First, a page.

We also note that subsequent to our decision in Carr, we concurred with the recommendation of the Special Committee on Matrimonial Litigation to amend the Court Rules to authorize the trial court to utilize marital assets to fund matrimonial litigation expenses. See Administrative Determinations by the Supreme Court on the Recommendation of the Special Committee on Matrimonial Litigation, January 21, 1999, 8 N.J.L.J. 233 (1999); 155 N.J.L.J. 513 (1999). Thereafter, we amended Rule 5:3-5(c) to provide, in part, that "[t]he court may also, on good cause shown, direct the parties to sell, mortgage, or otherwise encumber or pledge marital assets to the extent the court deems necessary to permit both parties to fund the litigation." See Pressler, Current N.J. Court Rules, comment 4 on R. 5:3-5 (2005). Thus, our Court Rules authorize the trial court to order the sale of marital assets prior to the final judgment to help defray the cost of the litigation.

The Family Part is a court of equity. We read the statutory requirement that directs equitable distribution at the time of the divorce judgment to be limited by the portion of N.J.S.A. 2A:34-23 that authorizes the court in its discretion to "make such order as to the alimony or maintenance of the parties, and also as to the care, custody, education and maintenance of the children." We conclude that, consistent with N.J.S.A. 2A:34-23 and Rule 5:3-5, the trial court may exercise its discretion to order the sale of marital assets and the utilization of the proceeds in a manner as "the case shall render fit, reasonable, and just."

We acknowledge that in many cases the proceeds from the sale of marital assets should be placed in escrow pending final distribution. But in other cases, the proceeds may properly be used to pay marital obligations. We leave to the discretion of the trial court the varying circumstances that may justify the sale of the marital assets and the utilization of the proceeds prior to the divorce judgment.

We take this opportunity to express our disagreement with the Grange decision. There, despite the apparent equities in favor of the sale of marital property prior to the divorce, the Grange panel reversed the trial court's judgment authorizing the sale of the marital condominium. We disapprove of Grange to the extent it stands for the proposition that absent consent, the trial court lacks authority to order the sale of a marital asset prior to the judgment of divorce.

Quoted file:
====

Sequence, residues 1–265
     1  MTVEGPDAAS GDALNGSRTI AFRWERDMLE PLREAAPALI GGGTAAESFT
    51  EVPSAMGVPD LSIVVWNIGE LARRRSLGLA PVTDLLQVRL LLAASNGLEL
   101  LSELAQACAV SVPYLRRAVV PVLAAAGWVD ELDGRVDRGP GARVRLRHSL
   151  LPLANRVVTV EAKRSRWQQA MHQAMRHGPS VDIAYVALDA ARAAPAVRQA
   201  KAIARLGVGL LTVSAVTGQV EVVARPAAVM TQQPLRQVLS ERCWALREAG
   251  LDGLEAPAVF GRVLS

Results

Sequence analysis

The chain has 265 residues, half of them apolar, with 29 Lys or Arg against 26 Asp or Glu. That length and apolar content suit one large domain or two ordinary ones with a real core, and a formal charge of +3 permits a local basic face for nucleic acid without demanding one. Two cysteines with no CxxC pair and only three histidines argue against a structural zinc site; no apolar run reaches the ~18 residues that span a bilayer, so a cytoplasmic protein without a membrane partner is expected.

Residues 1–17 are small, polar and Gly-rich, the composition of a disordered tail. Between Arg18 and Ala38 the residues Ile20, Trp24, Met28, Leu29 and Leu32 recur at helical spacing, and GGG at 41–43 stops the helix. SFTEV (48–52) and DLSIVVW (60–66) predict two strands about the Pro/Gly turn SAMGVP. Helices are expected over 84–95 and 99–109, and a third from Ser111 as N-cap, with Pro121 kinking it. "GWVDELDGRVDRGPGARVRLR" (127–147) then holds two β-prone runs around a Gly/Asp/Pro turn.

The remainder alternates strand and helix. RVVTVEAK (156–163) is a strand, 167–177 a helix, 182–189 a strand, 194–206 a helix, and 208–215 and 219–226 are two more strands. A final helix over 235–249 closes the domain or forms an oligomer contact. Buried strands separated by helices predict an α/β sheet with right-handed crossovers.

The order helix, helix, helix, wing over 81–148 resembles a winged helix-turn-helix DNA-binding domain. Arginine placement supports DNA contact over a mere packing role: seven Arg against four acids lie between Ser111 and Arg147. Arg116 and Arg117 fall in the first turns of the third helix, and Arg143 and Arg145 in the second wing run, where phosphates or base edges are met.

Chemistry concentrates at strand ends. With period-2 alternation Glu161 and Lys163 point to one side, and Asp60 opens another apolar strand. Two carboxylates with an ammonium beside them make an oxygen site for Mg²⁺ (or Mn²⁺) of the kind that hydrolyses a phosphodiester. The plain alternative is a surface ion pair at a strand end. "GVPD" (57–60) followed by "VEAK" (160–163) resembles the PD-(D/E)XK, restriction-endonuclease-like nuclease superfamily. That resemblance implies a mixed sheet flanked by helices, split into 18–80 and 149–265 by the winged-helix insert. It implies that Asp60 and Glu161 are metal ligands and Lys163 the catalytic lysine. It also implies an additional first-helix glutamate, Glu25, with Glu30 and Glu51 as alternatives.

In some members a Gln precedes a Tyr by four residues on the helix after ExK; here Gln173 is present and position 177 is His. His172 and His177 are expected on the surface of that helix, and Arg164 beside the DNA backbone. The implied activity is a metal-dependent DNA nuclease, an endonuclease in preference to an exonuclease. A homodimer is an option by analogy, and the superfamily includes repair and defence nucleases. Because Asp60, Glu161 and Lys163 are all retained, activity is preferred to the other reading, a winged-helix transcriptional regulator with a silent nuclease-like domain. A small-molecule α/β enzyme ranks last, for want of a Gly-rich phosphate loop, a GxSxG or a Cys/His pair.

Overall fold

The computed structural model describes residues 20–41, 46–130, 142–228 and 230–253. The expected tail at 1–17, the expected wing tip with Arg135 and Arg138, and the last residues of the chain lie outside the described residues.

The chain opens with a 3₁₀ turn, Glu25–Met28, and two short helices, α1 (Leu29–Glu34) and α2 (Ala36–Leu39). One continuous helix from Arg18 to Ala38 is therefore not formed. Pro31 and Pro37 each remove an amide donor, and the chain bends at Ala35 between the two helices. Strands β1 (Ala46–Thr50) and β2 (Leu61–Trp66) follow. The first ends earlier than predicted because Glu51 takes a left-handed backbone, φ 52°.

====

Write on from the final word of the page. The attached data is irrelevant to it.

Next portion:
IV.

We now apply our expanded principles to the present case. Although other real property was ordered to be sold, the Florida property was the only real property actually sold prior to the judgment of divorce.*fn1 The record shows that the parties had several valuable pieces of real estate, but little money to meet the financial obligations on those properties. In fact, in response to plaintiff's request to order him to sell the property, defendant expressly stated that the proceeds from the sale of the Florida property should be used to payoff the real estate tax liens on the Clifton properties and the farm. Both parties believed there was insufficient income from the businesses to justify incurring the continued expense of maintaining the Florida property. We find that the sale of the Florida property was necessary for the financial maintenance of the parties.

This case is a paradigm for why our trial courts should have the discretion to order the distribution of proceeds when distribution is deemed fit, reasonable, and just. Because of the lack of sufficient funds to meet the financial obligations of the parties, the trial court recognized that the mounting marital obligations could be abated by the sale of the Florida property and the utilization of the proceeds to pay some of those obligations. Further, the court required that the balance of the proceeds should be held in plaintiff's attorney's trust account and distributed at the time of the final hearing. We conclude that the trial court acted well within its discretionary powers to order the sale of the Florida property, and that the disbursement of a portion of the proceeds to meet the pressing obligations of the parties was fit, reasonable, and just.

In sum, we hold that a trial court has the discretion to order the sale of marital assets prior to a final judgment of divorce when the circumstances of the case so justify. Although ordinarily distribution of the proceeds from the sale of a marital asset should await the final judgment of divorce, a court has discretion to order an earlier distribution to serve the best interests of the parties.

V.

The judgment of the Appellate Division is affirmed.

CHIEF JUSTICE PORITZ and JUSTICES LONG, LaVECCHIA, ZAZZALI, ALBIN, and RIVERA-SOTO join in JUSTICE WALLACE's opinion.

Chief Justice Poritz PRESIDING